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From Rainer Jung <rainer.j...@kippdata.de>
Subject Re: Context or Mapping problems Apache 2.2 +mod_JK+ Tomcat 5.5
Date Thu, 24 Jul 2008 20:30:27 GMT
kohanm schrieb:
> Hi,
> my case is Case 1:
> can you give me an example for Redirect or RedirectMatch

Simplest case:

Redirect /oldapp http://myserver/newapp

More details at

http://httpd.apache.org/docs/2.2/mod/mod_alias.html#redirect

Regards,

Rainer

> thanks,
> 
> MK
> 
> 
>> Caldarale, Charles R schrieb:
>>
>>> From: kohanm [mailto:kohan.massoud@gmail.com] Subject: Re: Context
>>>> or Mapping problems Apache 2.2 +mod_JK+ Tomcat 5.5
>>>>
>>>> The webaplication is done now, but my boss asked me to change the
>>>> name of URL webapplication. IF I change the directory name than
>>>> there are many jsp pages with many links  with old name's
>>>> webapplication.
>>>>
>>> Now the true problem comes out - the webapp name is hardcoded within
>>> the webapp; that's extremely bad practice.  I assume fixing those
>>> won't be an easy task.
>>>
>>> In this case, you're stuck with needing to deploy the webapp in the
>>> directory corresponding to the old name; there's no way around that.
>>> You can write a filter or valve in Tomcat that forwards or redirects
>>> all requests for the new name to the old one.  You should also be
>>> able to do that with mod_jk directives, but someone else will have to
>>> help with that.
>>>
>> Someone else says:
>>
>> If your webapp sends out responses with absolute URLs containing the wrong
>> application name, then there's no easy solution.
>>
>> Case 1: You only want to make the app reachable under the new name, but you
>> don't care if users switch to the old name sometime during app use.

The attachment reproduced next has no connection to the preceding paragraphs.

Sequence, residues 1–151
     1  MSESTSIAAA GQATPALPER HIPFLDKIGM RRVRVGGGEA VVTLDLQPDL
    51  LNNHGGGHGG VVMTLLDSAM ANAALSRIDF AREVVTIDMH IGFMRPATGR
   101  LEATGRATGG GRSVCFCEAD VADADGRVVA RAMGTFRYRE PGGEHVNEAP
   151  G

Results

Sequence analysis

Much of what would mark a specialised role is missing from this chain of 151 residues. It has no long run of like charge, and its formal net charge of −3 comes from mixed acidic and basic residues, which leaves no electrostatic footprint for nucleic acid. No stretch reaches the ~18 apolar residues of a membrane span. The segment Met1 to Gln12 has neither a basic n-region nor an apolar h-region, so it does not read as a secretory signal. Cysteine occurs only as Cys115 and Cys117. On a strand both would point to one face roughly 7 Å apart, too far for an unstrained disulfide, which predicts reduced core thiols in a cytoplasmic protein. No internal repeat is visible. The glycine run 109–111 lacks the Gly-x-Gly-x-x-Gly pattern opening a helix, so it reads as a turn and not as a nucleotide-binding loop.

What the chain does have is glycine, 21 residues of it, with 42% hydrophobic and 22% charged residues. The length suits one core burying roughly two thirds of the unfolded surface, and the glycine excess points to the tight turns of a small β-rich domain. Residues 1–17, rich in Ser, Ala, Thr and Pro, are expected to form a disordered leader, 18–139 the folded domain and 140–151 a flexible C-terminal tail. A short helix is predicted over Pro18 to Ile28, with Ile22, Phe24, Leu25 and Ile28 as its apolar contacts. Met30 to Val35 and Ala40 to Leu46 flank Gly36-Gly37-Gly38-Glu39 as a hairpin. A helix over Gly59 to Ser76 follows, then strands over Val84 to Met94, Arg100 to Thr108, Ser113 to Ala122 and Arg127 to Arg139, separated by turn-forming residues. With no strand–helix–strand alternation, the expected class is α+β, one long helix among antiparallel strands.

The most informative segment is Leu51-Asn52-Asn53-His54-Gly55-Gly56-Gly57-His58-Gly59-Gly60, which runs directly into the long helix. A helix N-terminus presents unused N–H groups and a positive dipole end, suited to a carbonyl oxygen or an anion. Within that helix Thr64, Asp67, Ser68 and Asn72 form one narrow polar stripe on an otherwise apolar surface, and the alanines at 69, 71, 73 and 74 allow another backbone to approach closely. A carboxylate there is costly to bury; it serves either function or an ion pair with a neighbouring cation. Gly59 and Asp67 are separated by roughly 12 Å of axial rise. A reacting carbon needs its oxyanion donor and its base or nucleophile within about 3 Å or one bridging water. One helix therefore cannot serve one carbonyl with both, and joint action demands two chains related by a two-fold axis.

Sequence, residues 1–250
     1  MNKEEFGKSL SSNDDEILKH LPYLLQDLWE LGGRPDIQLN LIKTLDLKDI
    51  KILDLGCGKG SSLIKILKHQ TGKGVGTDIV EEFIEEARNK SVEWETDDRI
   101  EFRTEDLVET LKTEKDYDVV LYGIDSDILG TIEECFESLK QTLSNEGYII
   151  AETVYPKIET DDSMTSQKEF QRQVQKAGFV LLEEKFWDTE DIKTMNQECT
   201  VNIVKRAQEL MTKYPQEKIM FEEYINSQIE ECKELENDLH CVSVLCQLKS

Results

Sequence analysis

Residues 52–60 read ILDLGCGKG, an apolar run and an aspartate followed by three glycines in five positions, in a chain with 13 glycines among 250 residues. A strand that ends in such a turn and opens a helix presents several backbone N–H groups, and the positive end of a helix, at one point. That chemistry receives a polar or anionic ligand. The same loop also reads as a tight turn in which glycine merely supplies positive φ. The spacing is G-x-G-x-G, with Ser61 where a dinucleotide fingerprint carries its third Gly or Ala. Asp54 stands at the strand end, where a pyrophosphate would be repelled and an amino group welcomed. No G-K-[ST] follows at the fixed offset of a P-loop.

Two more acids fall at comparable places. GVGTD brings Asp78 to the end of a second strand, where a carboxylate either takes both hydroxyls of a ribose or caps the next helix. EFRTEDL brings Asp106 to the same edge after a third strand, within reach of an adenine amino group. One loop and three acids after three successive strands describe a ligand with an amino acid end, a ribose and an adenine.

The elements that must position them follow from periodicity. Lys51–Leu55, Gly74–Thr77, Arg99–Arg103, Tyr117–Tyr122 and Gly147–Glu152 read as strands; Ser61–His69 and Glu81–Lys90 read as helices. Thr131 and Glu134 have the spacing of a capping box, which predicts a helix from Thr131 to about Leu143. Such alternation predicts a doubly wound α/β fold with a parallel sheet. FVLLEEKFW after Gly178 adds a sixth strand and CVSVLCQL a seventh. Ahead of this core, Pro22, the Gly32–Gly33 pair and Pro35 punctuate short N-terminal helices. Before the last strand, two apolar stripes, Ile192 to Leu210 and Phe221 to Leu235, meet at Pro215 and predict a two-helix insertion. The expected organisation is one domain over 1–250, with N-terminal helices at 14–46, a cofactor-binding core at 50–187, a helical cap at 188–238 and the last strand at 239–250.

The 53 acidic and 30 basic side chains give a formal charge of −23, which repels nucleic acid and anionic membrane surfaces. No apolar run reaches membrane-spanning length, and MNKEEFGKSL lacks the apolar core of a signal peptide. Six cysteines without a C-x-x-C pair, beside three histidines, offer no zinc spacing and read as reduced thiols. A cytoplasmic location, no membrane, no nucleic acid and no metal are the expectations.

>>
>> That's easy, simply redirect from the new name to the old name with a
>> Redirect or RedirectMatch in Apache httpd.
>>
>> Case 2: You accept occasional occurence of the old name in THE URLs, but it
>> should be mostly th enew one.
>>
>> Deploy the webapp under the new name as Charles suggested. Add a
>> RewriteRule to Apache httpd to redirect any URL of the from
>> /oldapp/something to /newapp/something. Whenever Users click on an oldapp
>> link, the request will be answered by the redirect and the URLs quickly get
>> replaced by the newapp URLs in the browser window. Caution: there might be
>> problems with redirects and POST requests. All in all that's more a hack.
>>
>> Case 3: The oldapp name is not contained in the body of responses, but only
>> used in redirects coming from the webapp. Then you could try using
>> mod_proxy, which allows to change the Location headers in redirects.
>>
>> Case 4: You don't allow any use of the old name and the old name is
>> contained in links in response bodies.
>>
>> Then you dynamically need to patch the responses. This will be a hack. Have
>> a look at either mod_substitute (httpd 2.2.8 or above, I think) or
>> mod_proxy_html (note: mod_proxy_html != mod_proxy_http).
>>
>> Regards,
>>
>> Rainer

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